Elaine Livesey-Fassel from Los Angeles,Calif.

Again another anguishing but fascinating and enlightening program about Mans relationship, both good and bad, with our close relatives - chimps and bonobos. I was devastated by the documentary NIM of a few months ago and yet can only be grateful for the current work being conducted in an effort to comprehend the nature of this relationship in the fond hope that there will be more RESPECT paid to these creatures, especially by those who currently exploit them in Entertainment and Laboratory environments. This program can only help in the quest to free these, our relatives, from confinement and experimentation, or at least one can pray that that is so.

Jul. 07 2012 08:47 PM
karin from kqed

I just heard this story on Radiolab...and, I agree with this listener...this was a completely selfish act on these people's part to
'steal' this chimp from her mother, spend years developing her trust and make her dependent on them, and then to abandon her because she became what she always was....and they didn't know how to handle it. Shame on you.

Jul. 07 2012 04:57 PM
Alixe from Massachusetts

I wish I had never heard your show about Lucy. I will be forever haunted by her terror and pain at being forced to the point of starvation to live a life she was never prepared for, and how any one could have left her on the island like that, hurt and scared. This is too upsetting for words. How do those researchers sleep at night?

Apr. 07 2012 04:49 PM

The fact that the question of whether this can be done again (better???) is being presented is disturbing too. If scientists can use a living being as close to humans in such a way, then not fulfill a decent commitment to a humane lifespan - this should never be considered again.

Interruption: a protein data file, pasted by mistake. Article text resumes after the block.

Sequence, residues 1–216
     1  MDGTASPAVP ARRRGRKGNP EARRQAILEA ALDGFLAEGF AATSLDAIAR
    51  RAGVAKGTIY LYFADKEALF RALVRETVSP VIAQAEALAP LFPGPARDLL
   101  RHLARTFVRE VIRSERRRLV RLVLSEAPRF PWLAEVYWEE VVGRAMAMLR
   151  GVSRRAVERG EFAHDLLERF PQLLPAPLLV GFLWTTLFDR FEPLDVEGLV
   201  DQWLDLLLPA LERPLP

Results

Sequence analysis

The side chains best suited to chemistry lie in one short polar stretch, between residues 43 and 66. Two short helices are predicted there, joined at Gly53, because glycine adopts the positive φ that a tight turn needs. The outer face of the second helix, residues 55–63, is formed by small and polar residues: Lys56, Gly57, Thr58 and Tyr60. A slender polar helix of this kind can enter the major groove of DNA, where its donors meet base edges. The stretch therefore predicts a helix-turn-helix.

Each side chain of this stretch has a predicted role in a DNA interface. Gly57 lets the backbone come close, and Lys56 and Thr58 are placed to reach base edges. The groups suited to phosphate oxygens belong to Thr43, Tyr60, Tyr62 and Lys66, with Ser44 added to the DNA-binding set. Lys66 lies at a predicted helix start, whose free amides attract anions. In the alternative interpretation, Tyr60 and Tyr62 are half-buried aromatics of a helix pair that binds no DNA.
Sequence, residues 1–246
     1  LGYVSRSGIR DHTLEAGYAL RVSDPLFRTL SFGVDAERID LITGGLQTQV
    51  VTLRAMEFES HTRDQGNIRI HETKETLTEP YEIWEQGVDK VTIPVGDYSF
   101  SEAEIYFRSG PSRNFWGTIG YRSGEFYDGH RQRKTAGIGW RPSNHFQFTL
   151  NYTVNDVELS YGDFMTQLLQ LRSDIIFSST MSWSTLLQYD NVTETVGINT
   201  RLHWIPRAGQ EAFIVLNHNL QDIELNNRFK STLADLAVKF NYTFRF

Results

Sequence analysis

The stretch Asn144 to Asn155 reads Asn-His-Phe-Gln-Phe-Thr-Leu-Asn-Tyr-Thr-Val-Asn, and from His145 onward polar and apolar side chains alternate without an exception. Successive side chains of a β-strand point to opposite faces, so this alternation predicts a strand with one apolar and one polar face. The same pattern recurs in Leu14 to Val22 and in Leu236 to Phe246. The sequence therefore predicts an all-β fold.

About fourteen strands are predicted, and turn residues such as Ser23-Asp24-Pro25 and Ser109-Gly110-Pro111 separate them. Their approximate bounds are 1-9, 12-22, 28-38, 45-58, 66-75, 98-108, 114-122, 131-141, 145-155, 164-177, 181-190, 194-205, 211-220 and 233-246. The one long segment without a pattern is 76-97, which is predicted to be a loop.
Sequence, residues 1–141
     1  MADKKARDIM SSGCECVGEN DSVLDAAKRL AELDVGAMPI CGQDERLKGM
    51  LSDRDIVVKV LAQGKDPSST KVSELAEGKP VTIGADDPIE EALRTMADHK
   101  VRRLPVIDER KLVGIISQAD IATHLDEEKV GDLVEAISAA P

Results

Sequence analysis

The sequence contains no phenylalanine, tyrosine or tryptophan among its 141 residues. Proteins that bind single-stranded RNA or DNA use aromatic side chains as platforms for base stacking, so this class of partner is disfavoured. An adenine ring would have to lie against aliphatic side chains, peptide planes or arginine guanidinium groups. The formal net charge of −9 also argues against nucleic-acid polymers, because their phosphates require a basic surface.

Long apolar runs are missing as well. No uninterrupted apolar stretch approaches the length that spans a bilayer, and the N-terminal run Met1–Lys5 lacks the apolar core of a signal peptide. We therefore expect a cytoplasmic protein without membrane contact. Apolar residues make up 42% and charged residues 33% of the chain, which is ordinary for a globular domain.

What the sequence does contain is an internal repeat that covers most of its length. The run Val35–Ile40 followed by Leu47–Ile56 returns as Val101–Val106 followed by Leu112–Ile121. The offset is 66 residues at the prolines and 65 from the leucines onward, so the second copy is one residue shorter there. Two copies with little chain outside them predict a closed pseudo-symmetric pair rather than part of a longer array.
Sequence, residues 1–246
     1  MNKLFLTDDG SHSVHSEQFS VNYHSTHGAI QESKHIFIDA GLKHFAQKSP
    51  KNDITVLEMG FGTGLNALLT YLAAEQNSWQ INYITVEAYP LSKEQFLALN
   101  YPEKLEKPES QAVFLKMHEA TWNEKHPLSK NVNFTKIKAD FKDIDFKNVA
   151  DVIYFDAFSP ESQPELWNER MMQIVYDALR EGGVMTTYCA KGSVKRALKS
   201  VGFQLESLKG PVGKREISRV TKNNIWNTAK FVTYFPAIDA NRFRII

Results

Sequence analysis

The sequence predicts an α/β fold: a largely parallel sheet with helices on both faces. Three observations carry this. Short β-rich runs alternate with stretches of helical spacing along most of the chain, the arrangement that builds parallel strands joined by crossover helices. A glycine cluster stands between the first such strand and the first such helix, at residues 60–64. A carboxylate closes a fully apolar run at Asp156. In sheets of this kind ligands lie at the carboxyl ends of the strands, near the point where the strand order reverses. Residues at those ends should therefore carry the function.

This experiment was heartbreaking, offensive and unethical. Any parent; any person who cares about a living thing; could recognize from the moment the Tamerlins decided they were not committed to Lucy after all that she would not thrive - imagine being taken from everything you know on a cross continental flight and deposited in a cage in the wild. This was animal torture.

Feb. 20 2011 01:23 PM
Chesley from Louisville

I don't understand why Janice didn't just take her back home when it looked like releasing her into the wild wasn't working out. Couldn't she have lived a happy life with her human parents? I am haunted when I think about how scared she must have been at the end...

Jul. 27 2010 09:55 PM

I listened about Lucy and I realized that she had soo much in common with my dear Melanie, a miniature Poodle who just died a week ago, since she was born, Melanie lived inside my house with my family for 5 years, and she was rised as a human, she used to communicate with us with gestures, when she was hungry, happy, mad tired or she wants to be alone to sleep, she also used to grab her favorite snack and watch the TV with us, she let us know that she understand everybody's feelings and she taught us the way to understand hers, she acted as a human all the time, in my conclusion, the animals have feelings and they shouldn't be part of any experiment, we "The humans" are cruel with everything on this world, destroying the nature to obtain money.

Jul. 17 2010 12:38 AM
Shannon from Orlando

Beautifully done. Thank you.

Jul. 09 2010 11:27 AM
Sarah C from Seattle

Nothing terribly profound to say - I just enjoyed listening to this story so much that I had to reach out of my millennium generational apathy/egotism and publicly acknowledge it.

May. 29 2010 04:29 PM
Tiffaney from Seattle

Heart wrenching, the story moved me, the last picture in the slide show has tears falling from my eyes. Our curiosity and need for knowledge often arrives at an ending that the use of common sense could have prevented.

May. 28 2010 10:49 PM
Andy from Washington Township, NJ

Such a sad but well-reported story! Poor Lucy...kidnapped from Mom as an infant, raised in a human environment and then abandoned because they didn't have the foresight to anticipate her needs as a mature chimp and then slaughtered by poachers. The human-chimp social contract has never been more violated.

May. 11 2010 04:52 PM
linore from nyc ny


Your comment misses the point of this horrible animal experiment.